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Windows 7: BSOD - iaStor.sys issue

26 Apr 2011   #1

Windows 7 Home
BSOD - iaStor.sys issue

I just ran into a BSOD randomly today while studying for finals (go figure). Anyways, I have not installed any new software prior to the BSOD. Essentially, the computer froze up while reading a .pdf, so I attempted to restart the computer with no success. I started the computer in safe mode and was in the middle of running a virus scan from Malwarebytes when the BSOD occurred. Below is the error message:

***STOP: 0x00000001 (0x0000000000000004, 0x0000000000000002, 0x00000000000000(rest is cut off), 0xFFFFF880012E5964)
***iastor.sys - Address FFFFF880012E5964 base at FFFFF880012E2000, Datestamp 4b8f2033

After receiving the message I took a look around for similar messages and tried some of the various remedies that I could. I've run the Kaspersky Rescue Disk which didn't find anything. It doesn't allow me to install new software that uses the windows installer, so I could not try the intel device update manager or the rootkit eliminator. I ran a disk chk but I got a BSOD that was slightly different. Here is the error message I received:

Technical Info:
***STOP: 0x0000007E (0xFFFFFFFFC0000005, 0xFFFFF8800107D57E, 0xFFFFF88003325948, 0xFFFFF88003325180)
*** iaStor.sys - Address FFFFF8800107D57E base at FFFFF88001008000, DateStamp 4b8f2033

After seeing the second error with a different code, I decided to throw it out to the experts here and give up on trying to figure it out myself. My system is running Windows 7 Home Premium 64bit (OEM) and is 9 months old with the original OS installed. If you need any additional info, don't hesitate to ask. Attached is the BSOD dump but I could not get the system health report working properly in safe mode. Thanks for the help!

Edit: I was able to get my BSOD dump uploaded online. Here is the link: http://www.**************/?zep722ei73ie56s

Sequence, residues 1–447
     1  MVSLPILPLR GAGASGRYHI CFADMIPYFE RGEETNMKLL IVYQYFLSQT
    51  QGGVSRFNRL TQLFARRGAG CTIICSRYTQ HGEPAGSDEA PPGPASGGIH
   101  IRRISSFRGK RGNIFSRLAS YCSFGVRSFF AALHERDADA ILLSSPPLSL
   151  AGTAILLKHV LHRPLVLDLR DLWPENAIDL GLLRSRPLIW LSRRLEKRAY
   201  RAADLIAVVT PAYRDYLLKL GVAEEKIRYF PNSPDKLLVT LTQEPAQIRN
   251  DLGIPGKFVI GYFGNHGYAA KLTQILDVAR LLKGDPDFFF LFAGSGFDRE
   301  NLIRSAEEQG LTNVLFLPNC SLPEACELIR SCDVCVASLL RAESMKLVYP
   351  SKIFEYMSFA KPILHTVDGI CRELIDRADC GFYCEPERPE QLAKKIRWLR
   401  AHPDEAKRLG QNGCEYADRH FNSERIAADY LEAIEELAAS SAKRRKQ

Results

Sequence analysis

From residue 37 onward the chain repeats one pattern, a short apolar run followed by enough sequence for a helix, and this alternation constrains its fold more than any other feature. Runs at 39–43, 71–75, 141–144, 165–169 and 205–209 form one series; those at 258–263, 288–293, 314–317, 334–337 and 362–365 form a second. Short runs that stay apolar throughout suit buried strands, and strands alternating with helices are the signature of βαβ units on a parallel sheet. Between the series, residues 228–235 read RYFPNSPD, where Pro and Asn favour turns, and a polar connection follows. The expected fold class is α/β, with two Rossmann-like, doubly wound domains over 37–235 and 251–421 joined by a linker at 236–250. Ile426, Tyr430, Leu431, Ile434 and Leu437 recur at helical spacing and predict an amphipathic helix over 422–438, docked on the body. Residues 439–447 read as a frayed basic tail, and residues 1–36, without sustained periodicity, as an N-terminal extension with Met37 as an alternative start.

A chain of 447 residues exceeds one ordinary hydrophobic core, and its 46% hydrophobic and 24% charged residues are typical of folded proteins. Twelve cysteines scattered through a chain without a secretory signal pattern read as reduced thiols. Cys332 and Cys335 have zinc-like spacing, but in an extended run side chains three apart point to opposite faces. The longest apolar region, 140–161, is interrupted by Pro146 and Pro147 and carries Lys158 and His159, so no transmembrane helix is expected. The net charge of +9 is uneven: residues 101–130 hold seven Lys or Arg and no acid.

My System SpecsSystem Spec

27 Apr 2011   #2

Windows 7 Professional x64


This is being caused by a notorious rootkit, I'm afraid. I'll let you make a choice here, and try to tell you about each one.

The first and probably best option is a complete wipe and reinstall. Depending on how much stuff you have installed, it might even be faster. It is certainly the safer option, because even if we can remove/disable the rootkit, you never know what pieces are lurking behind.

To do this, boot up an Ubuntu Live CD, and start copying your important files to an external hard drive or USB stick. I'm not sure if you'll have CD and DVD burning capabilities, but it wouldn't surprise me. If you want to use DVDs, give it a try!

Then stick in the Windows installation DVD and wipe the hard drive completely using the Clean All command: Disk - Clean and Clean All with Diskpart Command

If you are dead set against a reformat, we can try to monkey around first. Bear in mind, this has proven to be extremely difficult to remove, and what works for one person doesn't always help another. My own success has been very limited, though I might blame much of that on the fact that people don't post back when I give advice. In other words, there's a chance that our monkeying around will be futile and we'll have to do a reformat in the end anyway.

I can give it my best shot, and I know one other person on SF who has been able to remove them in cases such as yours.

It's up to you.
My System SpecsSystem Spec
27 Apr 2011   #3

Windows 7 Home

Jonathan King,

Thanks for the response. I was afraid you were going to suggest a reformat. Fortunately, I don't have any files on this computer that aren't readily available elsewhere. I went ahead with the reformat and it has removed the problem. A quick question, any ideas as to where this rootkit could have been contracted? I want to minimize my chances of this happening again. I'm also curious as to where you get your driver updates from. I'm having issues finding if my drivers are up to date.

Thanks for the guidance,
My System SpecsSystem Spec

27 Apr 2011   #4

Windows 7 Professional x64

I wish I knew where the virus came from. If I can ever find that, I will intentionally infect a virtual machine just so I can figure out how to remove it. Let me know if you find the answer yourself!

As far as the driver updates, I can get a list of loaded drivers from the dumps and other files from the jcgriff2 report. If I see one I think might be the cause, I find a link on the manufacturer's website.
My System SpecsSystem Spec

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